February 13, 2007 9:21 AM PST

Sun's Solaris 10 at risk of zero-day exploit

Solaris 10 is at risk of a zero-day exploit, due to security bugs in its telnet service, Sun Microsystems warned Tuesday.

The "highly critical" vulnerabilities could enable attackers to gain unauthorized access to a user's system without requiring the user to download exploit code, said Johannes Ullrich, chief research officer at the Sans Institute, which also issued a security advisory.

Attackers could exploit the so-called zero-day vulnerabilities in Solaris 10 and the beta version of Solaris 11 via the telnet service if it is automatically enabled, the advisory said.

Telnet, which dates back to the early days of Unix, was one of the first methods devised to allow system administrators to remotely monitor their networks. The service will usually prompt people for their user name and password. However, security flaws in the operating system could allow an attacker to add additional parameters to connect to the remote telnet server without a user name or password, Ullrich noted.

Once attackers have gained access, they could execute arbitrary commands with the same privileges as the user.

"It's an ancient way to administer systems," Ullrich said. "There's no good reason to enable telnet on Solaris...All the communication with telnet is not encrypted. In recent years, other technologies have replaced it, like (encrypted communications through a secure shell) SSH."

Last month, Sun issued an update to Solaris 10, which now has the SSH enabled by default, said Bob Wientzen, Solaris spokesman for Sun. He added that the company is currently working on a fix for the telnet vulnerabilities.

Sun, in its security advisory, said the vulnerabilities are found in Solaris 10, running on Sparc servers, as well as on x86 servers.

The Sans Institute and Sun said they were not aware of any reports of systems exploited due to the security flaws in the telnet service.

If users must run Solaris with the telnet service enabled, Ullrich recommends using a firewall to limit connections to a user's telnet service. However, he said that while this workaround will prevent direct access to the root account, other accounts on a user's system could still be compromised.

See more CNET content tagged:
Sun Solaris 10, Sun Solaris, Sun Microsystems Inc., SANS Institute, security bug


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how interesting...
An exploit is found in Solaris and nobody makes a post about how
c|net is biased against Sun and always points out their flaws!?

If this was a Windows exploit, this board would be lit up by people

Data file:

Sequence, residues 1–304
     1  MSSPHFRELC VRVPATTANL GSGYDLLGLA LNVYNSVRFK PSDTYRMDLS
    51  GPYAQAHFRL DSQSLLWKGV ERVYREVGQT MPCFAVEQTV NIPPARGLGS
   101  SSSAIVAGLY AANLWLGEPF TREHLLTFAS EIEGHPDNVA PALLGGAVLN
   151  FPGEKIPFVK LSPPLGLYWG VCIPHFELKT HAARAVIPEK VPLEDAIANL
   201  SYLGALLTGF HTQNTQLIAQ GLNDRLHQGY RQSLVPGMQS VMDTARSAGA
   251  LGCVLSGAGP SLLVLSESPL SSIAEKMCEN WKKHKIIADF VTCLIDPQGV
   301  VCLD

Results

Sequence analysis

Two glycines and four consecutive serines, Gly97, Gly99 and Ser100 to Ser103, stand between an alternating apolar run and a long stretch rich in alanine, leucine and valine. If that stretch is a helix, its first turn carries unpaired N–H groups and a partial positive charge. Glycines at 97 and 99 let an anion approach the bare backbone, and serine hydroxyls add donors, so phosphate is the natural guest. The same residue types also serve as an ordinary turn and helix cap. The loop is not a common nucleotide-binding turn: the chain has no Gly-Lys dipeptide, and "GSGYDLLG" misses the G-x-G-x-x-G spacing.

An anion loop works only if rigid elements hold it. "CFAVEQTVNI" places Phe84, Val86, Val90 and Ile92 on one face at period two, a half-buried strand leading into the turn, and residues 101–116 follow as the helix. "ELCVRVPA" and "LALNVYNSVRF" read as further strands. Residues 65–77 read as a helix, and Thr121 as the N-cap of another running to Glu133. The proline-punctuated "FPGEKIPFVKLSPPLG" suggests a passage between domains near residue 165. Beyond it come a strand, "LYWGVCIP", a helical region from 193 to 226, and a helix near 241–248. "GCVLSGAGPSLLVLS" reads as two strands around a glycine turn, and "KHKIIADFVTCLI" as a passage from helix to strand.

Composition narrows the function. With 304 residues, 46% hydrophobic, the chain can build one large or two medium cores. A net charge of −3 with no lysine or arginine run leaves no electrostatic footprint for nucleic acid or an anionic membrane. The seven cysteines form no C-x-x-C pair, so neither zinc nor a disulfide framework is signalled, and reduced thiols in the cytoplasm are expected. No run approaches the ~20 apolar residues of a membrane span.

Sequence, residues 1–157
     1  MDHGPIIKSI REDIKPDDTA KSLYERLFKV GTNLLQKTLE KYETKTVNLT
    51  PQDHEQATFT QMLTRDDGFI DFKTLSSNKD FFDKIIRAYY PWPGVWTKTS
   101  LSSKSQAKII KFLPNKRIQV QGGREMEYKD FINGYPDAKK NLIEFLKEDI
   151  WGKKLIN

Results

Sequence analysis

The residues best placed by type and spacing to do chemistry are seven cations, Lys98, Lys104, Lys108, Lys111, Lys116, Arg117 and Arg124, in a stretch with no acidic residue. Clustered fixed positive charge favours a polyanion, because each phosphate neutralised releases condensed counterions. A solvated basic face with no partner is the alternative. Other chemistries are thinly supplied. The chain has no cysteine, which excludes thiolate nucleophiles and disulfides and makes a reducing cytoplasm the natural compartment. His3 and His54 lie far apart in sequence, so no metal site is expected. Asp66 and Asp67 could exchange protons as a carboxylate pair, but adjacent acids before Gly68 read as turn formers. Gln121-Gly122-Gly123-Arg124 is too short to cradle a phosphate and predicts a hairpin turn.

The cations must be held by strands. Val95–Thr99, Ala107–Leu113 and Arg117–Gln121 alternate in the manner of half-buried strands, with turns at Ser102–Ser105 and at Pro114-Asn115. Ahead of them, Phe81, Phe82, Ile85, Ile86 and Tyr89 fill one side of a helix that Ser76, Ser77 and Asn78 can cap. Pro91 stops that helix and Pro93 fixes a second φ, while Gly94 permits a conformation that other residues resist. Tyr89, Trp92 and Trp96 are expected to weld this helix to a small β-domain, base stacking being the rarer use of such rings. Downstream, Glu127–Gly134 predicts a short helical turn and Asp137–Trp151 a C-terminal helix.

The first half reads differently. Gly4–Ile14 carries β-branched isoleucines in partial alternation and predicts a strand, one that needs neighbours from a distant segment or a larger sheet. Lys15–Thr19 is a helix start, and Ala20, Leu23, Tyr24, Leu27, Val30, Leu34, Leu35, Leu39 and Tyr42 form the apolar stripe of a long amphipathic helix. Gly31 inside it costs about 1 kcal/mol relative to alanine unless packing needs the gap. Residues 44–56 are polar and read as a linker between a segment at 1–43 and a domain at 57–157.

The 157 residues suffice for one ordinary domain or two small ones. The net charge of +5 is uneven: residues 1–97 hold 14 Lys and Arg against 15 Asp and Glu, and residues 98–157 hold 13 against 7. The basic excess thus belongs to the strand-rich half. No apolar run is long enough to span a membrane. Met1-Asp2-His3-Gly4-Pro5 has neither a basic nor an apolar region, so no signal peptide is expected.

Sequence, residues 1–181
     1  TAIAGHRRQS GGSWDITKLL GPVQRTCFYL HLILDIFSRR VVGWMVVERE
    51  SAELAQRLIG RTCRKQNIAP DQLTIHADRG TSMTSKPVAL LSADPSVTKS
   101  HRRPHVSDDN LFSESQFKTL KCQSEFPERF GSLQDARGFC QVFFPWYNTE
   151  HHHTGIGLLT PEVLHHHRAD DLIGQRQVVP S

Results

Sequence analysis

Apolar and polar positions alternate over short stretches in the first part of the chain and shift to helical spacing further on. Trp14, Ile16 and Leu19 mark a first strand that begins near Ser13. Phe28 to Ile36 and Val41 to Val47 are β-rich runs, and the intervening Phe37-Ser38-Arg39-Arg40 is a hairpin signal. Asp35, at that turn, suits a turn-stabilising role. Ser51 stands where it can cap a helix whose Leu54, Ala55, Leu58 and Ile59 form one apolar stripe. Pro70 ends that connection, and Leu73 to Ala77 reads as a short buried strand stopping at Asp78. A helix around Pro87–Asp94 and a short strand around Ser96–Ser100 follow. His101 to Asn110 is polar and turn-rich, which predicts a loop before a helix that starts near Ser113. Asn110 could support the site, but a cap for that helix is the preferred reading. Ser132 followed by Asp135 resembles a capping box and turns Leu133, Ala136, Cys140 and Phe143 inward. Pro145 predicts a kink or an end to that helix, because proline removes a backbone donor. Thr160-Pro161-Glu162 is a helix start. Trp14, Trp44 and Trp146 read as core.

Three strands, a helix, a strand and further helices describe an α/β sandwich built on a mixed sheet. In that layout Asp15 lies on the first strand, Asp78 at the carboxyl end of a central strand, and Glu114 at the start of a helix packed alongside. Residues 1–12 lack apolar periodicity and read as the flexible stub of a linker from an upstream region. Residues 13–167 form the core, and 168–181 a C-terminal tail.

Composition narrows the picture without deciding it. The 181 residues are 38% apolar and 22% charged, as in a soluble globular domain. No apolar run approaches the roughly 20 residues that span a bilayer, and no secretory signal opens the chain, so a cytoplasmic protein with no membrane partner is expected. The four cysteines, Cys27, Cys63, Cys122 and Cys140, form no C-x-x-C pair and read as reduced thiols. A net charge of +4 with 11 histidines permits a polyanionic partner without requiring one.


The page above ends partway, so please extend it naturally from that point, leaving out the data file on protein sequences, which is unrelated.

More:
pointing out Microsoft's foibles and Microsoft supporters
complaining about c|net.

Note this story when an article about a Vista exploit comes out.
Posted by jelloburn (252 comments )
Reply Link Flag
Let's be honest here....
Of course no one jumps up. How many Solaris exploits have been found vs. the exploits discovered on Microsoft products on a daily basis? Has nothing to do with supporting one company over the other. But, it has everything to do with the fact that MS makes marginal products that are rife with holes. And before you go on about me being an anti this or that, know that I am XP/Microsoft user and have been for years. Lastly, how long was it before Sun had a fix for this exploit? A day? Let's see Microsoft try that. Oh yeah, they had bug fixes and patches for the LAUNCH day of Vista....
Posted by ProfessorFry (5 comments )
Link Flag
<gasp> Security holes can exist in non-MS systems?!
Going from some of the zealotry that's posted on many Internet forums one might be amazed that, yes in fact, operating systems from companies OTHER than Microsoft can and DO have have security holes. Yup, even such OSes as Solaris and OS X can have 'em.

That being said, anyone using Telnet in this day and age has got to have rocks in their head, it's HUGELY insecure by design! This is a fully unencrypted protocol, even for username and password. No matter how good your server-side protection is it is only a simple matter of network-sniffing somewhere along the chain and you've got full access to a user account. This is a very well known limitation of Telnet (whether it be for Solaris, Windows, Linux or OS X, all of which have built-in Telnet servers, all disabled by default) and it's the reason why everyone with a clue uses SSH instead.
Posted by Hoser McMoose (182 comments )
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Some actual facts about the issue
Val corrects some misconceptions in the story at <a class="jive-link-external" href="http://blogs.sun.com/bubbva/entry/telnet_vulnerability_fud_is_making" target="_newWindow">http://blogs.sun.com/bubbva/entry/telnet_vulnerability_fud_is_making</a> and I give the outline of what happened to get first interim relief and then final patches out for the problem at <a class="jive-link-external" href="http://blogs.sun.com/tpenta/entry/the_in_telnetd_vulnerability_exploit" target="_newWindow">http://blogs.sun.com/tpenta/entry/the_in_telnetd_vulnerability_exploit</a>

Posted by tpenta (4 comments )
Reply Link Flag
Telnet what the heck is that?
I heard my grandpa speak of this protocol when I was a little boy.
Posted by johnnysecure (1 comment )
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